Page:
During the preparation of the present study new results on default mode FC in ASD have been published with findings indicating that the “underconnectivity” theory of ASD is too simplistic and that ASD has to be considered more from a developmental viewpoint. Nevertheless, the findings of the present study did not correlate with age, nor was there any DMN hyperconnectivity observed in ASD. In other studies the findings also do not seem fully consistent, although comparison is difficult due to varying methodology. In young children (7–12 years) there was mainly increased FC found in the DMN (Lynch et al., 2013). On the other hand, in another study utilizing the rest periods from task-fMRI, the older half (10–17 years) of the population clearly presented decreased FC between DM-SNs (also between PCC and MPFC), while in the younger half (6–9 years) the decreases were more subtle (Washington et al., 2013). Finally, in adult participants with ASDs no marked FC differences at the whole brain level were found either with atlas-based inter-regional correlation or ICA dual-regression analyses (Tyszka et al., 2013). Overall, the FC results in the literature seem relatively variable still and it remains to be conclusively determined how DMN connectivity alters during the developmental stages in ASD.
DM-SN time-series' correlations (Table 1) demonstrated clearly lowered DMN connectivity in those with ASDs between DMN-A and DMN-P at dim = 20 and between DMN-A and DMN-D at dim = 30. However, at dim = 100 dysconnectivity was detected between DMN-A and DMN-V with more confined DMN parcellations. This finding does not conflict with those at lower model orders since the connectivity in the DMN-A—DMN-V—pair was already near-significant (p = 0.08) at dim = 30. Interestingly though, the DMN-A—DMN-D connectivity was very similar for the TD and ASD groups at dim = 100, which is a prominent difference compared to lower dimensionalities. This altering result pattern across dimensionalities is certainly related to the correspondingly changing spatial DMN characteristics. A major difference in DM-SN constellations is that the parietal lobule connectivity at dim = 100 is dedicated to DMN-L and DMN-R, and largely eliminated from DMN-D compared to dim = 30. Secondly, DMN-A is more ventrally weighted at dim = 100.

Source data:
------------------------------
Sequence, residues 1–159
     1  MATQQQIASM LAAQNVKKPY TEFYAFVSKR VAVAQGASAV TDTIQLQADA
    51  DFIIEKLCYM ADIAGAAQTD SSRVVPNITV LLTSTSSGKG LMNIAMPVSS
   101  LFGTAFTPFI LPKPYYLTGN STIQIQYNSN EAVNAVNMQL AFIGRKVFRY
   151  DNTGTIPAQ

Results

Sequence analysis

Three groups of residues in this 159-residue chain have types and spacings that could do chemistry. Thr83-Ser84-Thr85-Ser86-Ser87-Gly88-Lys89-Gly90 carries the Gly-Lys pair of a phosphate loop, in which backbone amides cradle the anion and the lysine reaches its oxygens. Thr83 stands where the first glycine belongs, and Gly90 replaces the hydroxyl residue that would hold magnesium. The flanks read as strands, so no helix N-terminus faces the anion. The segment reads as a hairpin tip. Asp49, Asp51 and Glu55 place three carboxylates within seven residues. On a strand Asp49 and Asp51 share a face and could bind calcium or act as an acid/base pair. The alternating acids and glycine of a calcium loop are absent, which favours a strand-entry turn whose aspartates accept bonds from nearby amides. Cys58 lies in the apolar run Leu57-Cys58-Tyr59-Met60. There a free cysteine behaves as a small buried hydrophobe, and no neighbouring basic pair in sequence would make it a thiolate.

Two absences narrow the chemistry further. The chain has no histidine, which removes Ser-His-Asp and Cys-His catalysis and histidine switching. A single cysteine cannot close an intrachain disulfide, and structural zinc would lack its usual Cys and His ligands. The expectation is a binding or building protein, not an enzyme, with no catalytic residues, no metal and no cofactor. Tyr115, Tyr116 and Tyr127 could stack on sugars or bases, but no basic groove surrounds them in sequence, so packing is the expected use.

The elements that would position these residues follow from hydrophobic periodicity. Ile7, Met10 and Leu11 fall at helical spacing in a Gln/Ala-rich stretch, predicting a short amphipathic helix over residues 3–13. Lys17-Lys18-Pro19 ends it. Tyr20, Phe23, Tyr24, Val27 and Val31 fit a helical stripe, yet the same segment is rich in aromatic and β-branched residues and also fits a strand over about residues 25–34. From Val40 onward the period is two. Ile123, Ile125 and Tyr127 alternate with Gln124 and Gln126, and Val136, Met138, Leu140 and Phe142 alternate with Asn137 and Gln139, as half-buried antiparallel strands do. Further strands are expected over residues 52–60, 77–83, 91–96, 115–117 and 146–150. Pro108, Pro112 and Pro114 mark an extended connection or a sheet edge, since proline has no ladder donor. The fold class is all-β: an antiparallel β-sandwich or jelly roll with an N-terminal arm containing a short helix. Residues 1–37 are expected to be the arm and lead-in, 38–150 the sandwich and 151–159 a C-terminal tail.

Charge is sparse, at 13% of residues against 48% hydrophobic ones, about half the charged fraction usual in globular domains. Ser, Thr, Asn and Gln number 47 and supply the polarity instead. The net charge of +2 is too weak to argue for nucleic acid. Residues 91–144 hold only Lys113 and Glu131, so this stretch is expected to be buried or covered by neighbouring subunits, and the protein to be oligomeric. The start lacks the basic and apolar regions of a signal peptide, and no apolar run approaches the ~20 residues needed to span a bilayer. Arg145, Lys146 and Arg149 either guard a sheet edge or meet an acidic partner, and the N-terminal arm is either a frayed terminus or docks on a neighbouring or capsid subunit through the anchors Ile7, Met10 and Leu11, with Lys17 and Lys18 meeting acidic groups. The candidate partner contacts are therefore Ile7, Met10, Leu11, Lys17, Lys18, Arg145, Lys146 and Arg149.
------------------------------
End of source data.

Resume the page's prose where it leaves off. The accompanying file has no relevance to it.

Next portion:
Our attempt to relate the findings to ASD symptoms as measured by SRS scores (obtained 4 years prior to MRI) did not give any indications about relevant symptoms. Also, interpreting the altered resting state antero-posterior DMN connectivity via psychological processes is challenging due to the various cognitive functions that have often simultaneously been attributed to both the anterior and posterior DMN nodes (e.g., Schilbach et al., 2008). However, our DM-SN constellation from dim = 100 decomposition is highly similar to a compelling study by Andrews-Hanna et al. (2010) wherein the DMN FC was mapped in the resting state and the relation of several tasks on the self-relevancy and present-future axis to the DMN were investigated. The DMN was split into anterior and posterior midline core nodes (vs. DMN-D and DMN-A) and into two distinct subsystems termed the medial temporal lobe (MTL) subsystem (vs. DMN-V) and the dorsal medial prefrontal cortex (dMPFC) subsystem (vs. combined DMN-R and DMN-L). Core midline nodes DMN-D and DMN-A are active during tasks related to present and future self whereas DMN-V is particularly related to future self, not present self. In more detail, the fMRI stimulus variables that disentangle DMN-V from core nodes include memory, imagination and spatial content. As a summary, the combination of anterior, dorsal, and ventral DM-SNs was most prominently activated when the subject was thinking about themself in the future (Andrews-Hanna et al., 2010). Intriguingly, the decreased coupling between DMN-V and DMN-A could be linked to delayed imaginative play, another symptom in autism (Levy et al., 2009), as imagination and self-referential processing are elementary for such activity. Also related to our main finding, autobiographical episodic memory and self-referential processing in the past temporal domain are particularly impaired in those with ASDs (Lind, 2010). Our findings indicate the need for brain imaging studies of autobiographical memory in people with ASDs as earlier noted by Uddin (2011).